Quantcast

Electric School Buses Could Save School Districts Millions

May 30, 2014
Image Caption: Electric school buses, such as the Trans Tech model shown here, could save school districts millions if integrated with a vehicle-to-grid system, according to new research. Credit: Trans Tech Bus

University of Delaware

Electric school buses that feed the power grid could save school districts millions of dollars — and reduce children’s exposure to diesel fumes — based on recent research by the University of Delaware’s College of Earth, Ocean, and Environment (CEOE).

A new study examines the cost-effectiveness of electric school buses that discharge their batteries into the electrical grid when not in use and get paid for the service. The technology, called vehicle-to-grid (V2G), was pioneered at UD and is being tested with electric cars in a pilot project.

Adapting the system for school bus fleets is a logical application. School buses generally travel distances within electric vehicles’ battery range, and they are not in use for much of the day. Electric school buses also do not release sooty diesel exhaust, which contains pollutants that can cause respiratory irritation, lung cancer and heart disease.

“I see neighborhood kids waiting for and riding school buses out my window or when walking my dog,” said Jeremy Firestone, CEOE professor of marine policy and director of the Center for Carbon-free Power Integration. “Electric buses have the benefit of kids not standing around or having their windows open while diesel fumes are being released.”

For the study, researchers analyzed existing diesel school bus routes in a mid-sized suburban school district in Delaware and calculated the costs and benefits of V2G-capable electric bus replacements. Over 14 years, which is the typical lifespan of a bus, a V2G electric bus fleet could save an estimated $38 million.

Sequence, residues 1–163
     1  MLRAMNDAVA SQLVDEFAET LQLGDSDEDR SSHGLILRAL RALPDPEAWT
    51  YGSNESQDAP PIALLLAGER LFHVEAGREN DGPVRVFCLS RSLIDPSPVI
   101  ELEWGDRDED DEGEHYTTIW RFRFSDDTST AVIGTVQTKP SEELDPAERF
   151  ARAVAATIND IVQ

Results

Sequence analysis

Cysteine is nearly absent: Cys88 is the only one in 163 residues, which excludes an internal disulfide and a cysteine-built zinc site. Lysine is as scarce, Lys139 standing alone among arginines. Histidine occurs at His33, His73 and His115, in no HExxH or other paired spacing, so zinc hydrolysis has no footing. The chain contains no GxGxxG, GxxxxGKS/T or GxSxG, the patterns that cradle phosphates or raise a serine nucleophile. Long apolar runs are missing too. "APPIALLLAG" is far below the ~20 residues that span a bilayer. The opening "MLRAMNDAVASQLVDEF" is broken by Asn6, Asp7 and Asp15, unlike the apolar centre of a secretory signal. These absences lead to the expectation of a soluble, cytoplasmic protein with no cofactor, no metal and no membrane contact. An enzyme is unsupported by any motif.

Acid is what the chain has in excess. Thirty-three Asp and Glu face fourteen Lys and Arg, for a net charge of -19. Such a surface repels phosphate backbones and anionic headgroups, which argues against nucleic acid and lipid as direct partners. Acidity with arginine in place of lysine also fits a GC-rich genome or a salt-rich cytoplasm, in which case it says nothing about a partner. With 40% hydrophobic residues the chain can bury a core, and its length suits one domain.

“I was surprised,” said study lead author Lance Noel. “The savings go through the roof.”

The economic research took into account costs associated with fuel, electricity and batteries, as well as pollution-related health care expenses and other factors.

A diesel bus costs $110,000, compared with $260,000 for an electric bus equipped with a V2G-capable, 70-kilowatt on-board charger. Diesel buses have an average fuel economy of 6 miles per gallon, including the effects of idling, and emit soot, ozone, sulfur dioxide, nitrous oxide and other pollutants. These fumes can be disproportionately higher within the cabin of a bus compared to surrounding pollution levels.

Add up diesel gas costs plus the medical expenses to society, and the diesel bus looks less cost-effective over time. Electric buses providing V2G services, meanwhile, cover the battery charging and additional capital investment costs, and in addition generate profits while releasing no tailpipe pollution.

Choosing a V2G-capable electric bus over a diesel bus would save a school district $6,070 per bus seat, or $230,000 per bus over the vehicle’s 14-year lifespan. Even with taking out the medical and climate change costs associated with diesel pollution, school districts could still save $5,700 per seat.

“They could save a large amount of money while also shifting away from the consumption of diesel and enhancing school children’s health,” the authors write in the paper.

There is still a way to go before such V2G-capable school buses become a reality, however. Electric school buses are uncommon, with the first Trans Tech all-electric school bus tested in California earlier this year.

While electric school buses can be cost-competitive without providing V2G services, the V2G technology would produce substantially larger savings for school districts.

“The V2G capability is what changes the economics of the school bus,” said study co-author Regina McCormack, who along with Noel is a graduate student in CEOE’s School of Marine Science and Policy.

The study, titled “A Cost Benefit Analysis of a V2G-Capable Electric School Bus compared to a Traditional Diesel School Bus,” appears in the Aug. 1 issue of Applied Energy.


Source: University of Delaware



comments powered by Disqus